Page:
afternoon's defining moment: via Lewis' shin and the inside of the post and Sullivan's elbow, James Chambers' speculative attempt ends up on
the goalline. For a fraction of a second, it just sits there. It's long enough to think, "That's got to go in, hasn't it?" It's long enough
to look for a yellow shirt near enough to force it over the line. It's long enough to realise that if it does cross the line...and then,
before you can get any further, it spins a little more and the world does that wonderful Selhurst Park thing again, disintegrating into nothing
more than noise and lunacy and quite a few tears. A great goal, in its own peculiar way: every bit as rubbish as Nicky Wright's was
brilliant, and yet just as easy to love.
There follows a brief flurry of Leeds attacks, one last try at rescuing something that's long since drifted out to sea. They do go close: Healy
arrives from the bench to drive a shot at Ben Foster, and you wonder whether this might've been a different game if Kevin Blackwell had played
more of his attacking hand at the start. Perhaps, you conclude. But perhaps not. Perhaps we'd have been too much for them, whatever. Then, our second lapse, as Derry is left free at a corner and James Chambers
sticks out a foot on the line to divert the header wide. Lewis smacks a firm drive at Foster from another corner, and we've had to hang on
for the first time. We expected that, I guess, at some point. A goal at this stage, and....
Yeah, whatever. Bored of Leeds already. Shall we score another? Or shall we faff about a bit first, perhaps by describing Matthew Spring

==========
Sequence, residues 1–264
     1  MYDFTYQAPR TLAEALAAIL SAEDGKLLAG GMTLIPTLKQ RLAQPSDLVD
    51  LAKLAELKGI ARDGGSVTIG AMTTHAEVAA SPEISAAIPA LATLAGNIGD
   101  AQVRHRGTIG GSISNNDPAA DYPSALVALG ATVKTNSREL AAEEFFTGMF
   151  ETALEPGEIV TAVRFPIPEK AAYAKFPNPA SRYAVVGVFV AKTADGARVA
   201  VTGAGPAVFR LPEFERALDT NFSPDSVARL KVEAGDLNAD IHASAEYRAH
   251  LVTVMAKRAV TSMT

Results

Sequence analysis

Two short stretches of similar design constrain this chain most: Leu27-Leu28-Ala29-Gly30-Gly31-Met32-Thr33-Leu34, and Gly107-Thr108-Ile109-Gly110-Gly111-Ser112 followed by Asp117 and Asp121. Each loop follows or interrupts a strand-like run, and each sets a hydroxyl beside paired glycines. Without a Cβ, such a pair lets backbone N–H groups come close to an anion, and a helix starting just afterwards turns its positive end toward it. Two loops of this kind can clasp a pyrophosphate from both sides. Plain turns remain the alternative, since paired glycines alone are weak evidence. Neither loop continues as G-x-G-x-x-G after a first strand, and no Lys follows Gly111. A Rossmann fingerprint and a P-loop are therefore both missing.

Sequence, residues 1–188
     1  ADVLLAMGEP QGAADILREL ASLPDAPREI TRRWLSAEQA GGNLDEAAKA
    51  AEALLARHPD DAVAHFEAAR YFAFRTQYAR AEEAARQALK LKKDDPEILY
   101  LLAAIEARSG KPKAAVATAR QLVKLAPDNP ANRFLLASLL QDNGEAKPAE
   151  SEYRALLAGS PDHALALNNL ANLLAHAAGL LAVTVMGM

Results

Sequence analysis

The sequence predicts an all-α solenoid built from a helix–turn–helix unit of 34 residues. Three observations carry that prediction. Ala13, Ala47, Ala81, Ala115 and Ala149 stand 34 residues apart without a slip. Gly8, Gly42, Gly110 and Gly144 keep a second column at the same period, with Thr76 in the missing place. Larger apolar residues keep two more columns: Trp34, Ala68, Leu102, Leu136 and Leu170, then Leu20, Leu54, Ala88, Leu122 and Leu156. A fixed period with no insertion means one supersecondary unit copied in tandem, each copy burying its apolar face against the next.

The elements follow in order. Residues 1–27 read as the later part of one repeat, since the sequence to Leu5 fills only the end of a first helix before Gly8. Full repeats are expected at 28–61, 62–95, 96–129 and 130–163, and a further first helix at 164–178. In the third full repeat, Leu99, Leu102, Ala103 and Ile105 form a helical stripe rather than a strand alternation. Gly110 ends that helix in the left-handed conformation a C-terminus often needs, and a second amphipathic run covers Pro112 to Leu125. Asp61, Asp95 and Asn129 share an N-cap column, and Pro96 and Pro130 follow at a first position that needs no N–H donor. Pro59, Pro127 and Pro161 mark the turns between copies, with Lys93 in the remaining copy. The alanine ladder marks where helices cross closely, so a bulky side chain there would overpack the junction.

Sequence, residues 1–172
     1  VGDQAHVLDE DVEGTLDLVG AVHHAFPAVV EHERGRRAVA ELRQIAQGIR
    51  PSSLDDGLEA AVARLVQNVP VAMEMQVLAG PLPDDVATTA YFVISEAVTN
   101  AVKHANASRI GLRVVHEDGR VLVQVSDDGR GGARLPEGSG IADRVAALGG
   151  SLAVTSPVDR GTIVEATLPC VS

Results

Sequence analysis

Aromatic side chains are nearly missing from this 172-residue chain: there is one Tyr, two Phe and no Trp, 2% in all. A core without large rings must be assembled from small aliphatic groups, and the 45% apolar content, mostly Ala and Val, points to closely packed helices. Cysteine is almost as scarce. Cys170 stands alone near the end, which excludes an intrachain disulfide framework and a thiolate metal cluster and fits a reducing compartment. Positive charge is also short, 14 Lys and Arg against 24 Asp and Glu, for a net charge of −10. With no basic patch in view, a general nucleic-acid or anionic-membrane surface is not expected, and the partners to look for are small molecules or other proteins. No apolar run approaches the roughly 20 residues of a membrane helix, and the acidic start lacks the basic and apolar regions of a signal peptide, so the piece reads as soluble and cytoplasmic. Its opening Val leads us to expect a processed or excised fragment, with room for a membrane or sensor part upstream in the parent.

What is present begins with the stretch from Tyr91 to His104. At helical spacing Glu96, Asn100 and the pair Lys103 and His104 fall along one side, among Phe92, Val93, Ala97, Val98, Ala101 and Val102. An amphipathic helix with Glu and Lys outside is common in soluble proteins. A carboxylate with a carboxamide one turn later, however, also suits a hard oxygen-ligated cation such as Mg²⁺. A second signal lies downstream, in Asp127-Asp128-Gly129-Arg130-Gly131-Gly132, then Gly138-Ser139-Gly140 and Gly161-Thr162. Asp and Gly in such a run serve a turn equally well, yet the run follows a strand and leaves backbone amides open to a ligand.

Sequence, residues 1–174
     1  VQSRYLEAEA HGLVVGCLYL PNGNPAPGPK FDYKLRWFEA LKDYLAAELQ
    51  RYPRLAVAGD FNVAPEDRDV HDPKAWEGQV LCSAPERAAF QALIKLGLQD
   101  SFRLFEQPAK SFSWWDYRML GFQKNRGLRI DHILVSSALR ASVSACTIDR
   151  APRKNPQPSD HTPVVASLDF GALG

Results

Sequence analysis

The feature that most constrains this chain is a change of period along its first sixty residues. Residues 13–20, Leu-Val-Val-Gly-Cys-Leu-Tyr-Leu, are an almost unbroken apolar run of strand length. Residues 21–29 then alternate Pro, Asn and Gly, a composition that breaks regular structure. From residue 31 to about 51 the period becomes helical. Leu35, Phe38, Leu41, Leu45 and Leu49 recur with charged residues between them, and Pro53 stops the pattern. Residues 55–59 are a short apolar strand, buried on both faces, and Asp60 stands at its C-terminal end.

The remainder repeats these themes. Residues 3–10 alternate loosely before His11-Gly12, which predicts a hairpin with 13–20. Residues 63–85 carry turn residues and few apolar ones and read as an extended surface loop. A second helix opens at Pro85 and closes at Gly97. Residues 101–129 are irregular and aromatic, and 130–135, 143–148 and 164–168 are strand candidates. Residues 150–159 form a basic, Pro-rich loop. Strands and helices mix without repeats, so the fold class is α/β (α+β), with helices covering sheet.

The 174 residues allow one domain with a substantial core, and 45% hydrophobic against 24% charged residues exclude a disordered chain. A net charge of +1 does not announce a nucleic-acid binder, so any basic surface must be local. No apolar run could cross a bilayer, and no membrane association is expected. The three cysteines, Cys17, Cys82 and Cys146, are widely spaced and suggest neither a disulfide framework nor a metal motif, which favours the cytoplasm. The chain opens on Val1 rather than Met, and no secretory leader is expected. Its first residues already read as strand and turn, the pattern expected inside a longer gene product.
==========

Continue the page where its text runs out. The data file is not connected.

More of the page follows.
darting a shot at the near post for Sullivan's fingertips to flick wide? Or Marlon King's fierce free kick, hammered narrowly over the bar to
great excitement from up above? No, I think not. Let's score another. A classic BoothroydWatford break: Matthew Spring storming urgently
through the midfield, denied once by a challenge but insistent; Marlon King on the end of the pass, prowling around in the penalty area in
search of prey. Ball received, right-angle turn past Derry, and Mike Dean's easiest decision of the afternoon.
I'll confess. Quietly, as Darius Henderson prepared to take the penalty, I put my notebook away. No longer necessary. As the neat strike
evaded Sullivan's hand, any remaining doubt evaporated, leaving nothing but pure celebration. Nothing but yellow and tears and confetti and
an awful lot of shouting and absolute, unfettered freedom. No worries whatsoever, just another ten minutes of wallowing in the knowledge
that it's all done, all finished. Game over. The end of a long, long road. Some things are certain.
The rest...? Just a hopeless blur. Every so often, you emerge from your own celebrations, from gazing at something down there, lost in thought
or tears...and you look up to the screen to find that Al Bangura is still hogging the camera, no need to contain that natural exuberance any
longer. Or you turn around and hug someone, again. No need to hold anything back, not now. By the time that everyone starts wandering out, and the team has finally disappeared into
the tunnel, we're dazed, exhausted, rather confused...and quite impossibly happy.
We've done it, and it can never be undone, whatever happens. Back in '99, a decade of failure had blunted our hopes, and another visit to
the top flight seemed to be beyond anyone's dreams, until it happened. That was the peak, right there. It was utterly glorious, perhaps
even more glorious, in a strange way, because of what happened afterwards. Somehow, you don't get the same impression this time
around. Even as we enjoy the immense achievement, you don't get the feeling that we've finished just yet, nor that this will be as
high as we go.
"Anything is possible," said young Adrian Boothroyd. The world is already starting to run out of ways to prove him wrong.